Preview: Australia v England

Australia plays England on Tuesday March 22, the opening day of the 2005 Women’s Cricket World Cup at Tshwane University of Technology (formerly Technikon Pretoria) Ground A. Australia and England have met 37 times in one day internationals with Australia holding a 29-6 advantage (they have also had a tie and one no-result). Australia has won their past 16 encounters with England’s last win in the 1993 World Cup in England when they won by 43 runs on their way to winning their 2nd (and last) World Cup title.

In World Cups, Australia and England have met 13 times with Australia holding an 8-3 advantage with 1 tie (one of three ties in World Cup competition, two of which have involved England).

In the past two World Cups Australia has defeated England by 54 runs (WC 2000 in New Zealand) and by 8 wickets with 139 balls to spare (WC 1997 in India).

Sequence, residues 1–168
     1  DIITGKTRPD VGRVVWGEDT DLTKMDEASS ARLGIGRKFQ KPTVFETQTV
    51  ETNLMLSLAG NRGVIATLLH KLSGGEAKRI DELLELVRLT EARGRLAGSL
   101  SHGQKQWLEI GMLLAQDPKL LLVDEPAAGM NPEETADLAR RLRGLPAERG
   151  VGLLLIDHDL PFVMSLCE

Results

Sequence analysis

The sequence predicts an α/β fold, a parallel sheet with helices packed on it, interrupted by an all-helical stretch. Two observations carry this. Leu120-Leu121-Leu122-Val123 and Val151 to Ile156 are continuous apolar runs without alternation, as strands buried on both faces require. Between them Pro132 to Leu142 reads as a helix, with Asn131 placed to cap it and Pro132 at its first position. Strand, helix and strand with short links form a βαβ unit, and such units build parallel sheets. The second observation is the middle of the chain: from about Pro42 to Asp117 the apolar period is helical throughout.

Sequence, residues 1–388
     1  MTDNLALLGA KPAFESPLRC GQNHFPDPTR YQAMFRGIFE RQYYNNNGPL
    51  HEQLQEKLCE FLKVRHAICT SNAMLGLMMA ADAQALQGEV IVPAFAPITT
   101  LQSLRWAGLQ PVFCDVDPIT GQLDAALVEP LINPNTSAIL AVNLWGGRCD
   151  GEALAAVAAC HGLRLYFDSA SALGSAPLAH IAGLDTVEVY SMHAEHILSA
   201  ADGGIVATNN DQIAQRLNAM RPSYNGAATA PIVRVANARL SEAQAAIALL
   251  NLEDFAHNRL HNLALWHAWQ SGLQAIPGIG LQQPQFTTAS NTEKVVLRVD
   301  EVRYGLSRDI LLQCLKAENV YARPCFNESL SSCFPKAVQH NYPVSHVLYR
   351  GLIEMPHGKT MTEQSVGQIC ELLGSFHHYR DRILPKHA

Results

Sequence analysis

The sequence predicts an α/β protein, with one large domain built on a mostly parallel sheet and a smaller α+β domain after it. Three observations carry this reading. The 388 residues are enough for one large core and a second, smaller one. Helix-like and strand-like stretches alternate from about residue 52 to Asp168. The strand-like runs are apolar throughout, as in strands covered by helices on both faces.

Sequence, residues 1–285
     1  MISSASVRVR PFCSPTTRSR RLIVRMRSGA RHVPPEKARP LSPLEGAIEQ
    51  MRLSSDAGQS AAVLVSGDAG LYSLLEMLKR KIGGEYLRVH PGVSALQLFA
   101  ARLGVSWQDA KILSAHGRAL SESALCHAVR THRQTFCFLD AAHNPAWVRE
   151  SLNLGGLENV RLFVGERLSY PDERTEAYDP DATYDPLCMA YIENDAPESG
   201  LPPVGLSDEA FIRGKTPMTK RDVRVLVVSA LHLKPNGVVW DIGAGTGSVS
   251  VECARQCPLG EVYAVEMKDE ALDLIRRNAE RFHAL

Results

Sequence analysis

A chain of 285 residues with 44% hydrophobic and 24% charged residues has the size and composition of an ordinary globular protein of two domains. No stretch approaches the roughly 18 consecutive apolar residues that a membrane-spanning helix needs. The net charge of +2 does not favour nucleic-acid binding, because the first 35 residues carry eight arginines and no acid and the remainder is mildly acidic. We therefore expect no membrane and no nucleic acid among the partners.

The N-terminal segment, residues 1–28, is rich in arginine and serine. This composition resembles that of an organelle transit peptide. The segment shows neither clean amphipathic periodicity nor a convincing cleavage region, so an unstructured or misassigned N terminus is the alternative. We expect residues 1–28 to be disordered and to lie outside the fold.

Interestingly, England holds the two highest scores made against Australia in World Cup competition – 3/279 (60 overs) in 1973 and 5/208 (60 overs) in 1993, both were winning scores. 3/279 (60 overs) is, in fact, the highest score made by any country against Australia [the highest 50 over score made against Australia is 9/252 by New Zealand in March 2002].

In the current squads, Australia has three of the world’s current top 10 run scorers – Belinda Clark 4597 (1st), Karen Rolton 3050 (3rd) and Lisa Keightley 2105 (6th) – while England has only one – Charlotte Edwards 2089 (7th). Of the leading wicket-takers, Australia has only one of the top 10 – Cathryn Fitzpatrick 138 (1st) – while England has two – Clare Taylor 98 (2nd) and Clare Connor 68 (8th).

Belinda Clark (911 runs, 1 century) and Cathryn Fitzpatrick (27 wickets, 1×5 wicket innings) are Australia’s leading batter and bowler (Fitzpatrick jointly with Charmaine Mason) respectively against England.

Upcoming Australian milestones:

Melanie Jones needs just 54 runs to become the 7th Australian to reach 1000 ODI runs while Julie Hayes needs just 4 wickets to become the 8th Australian to reach 50 ODI wickets.

(Note: This article was originally written for the Cricketwoman website in 2005. It may contain links to Cricketarchive which have long since ceased to exist. Cricketwoman was a partner website of Cricketarchive at the time of the 2005 Womens World Cup. – RE, 2017-07-21)

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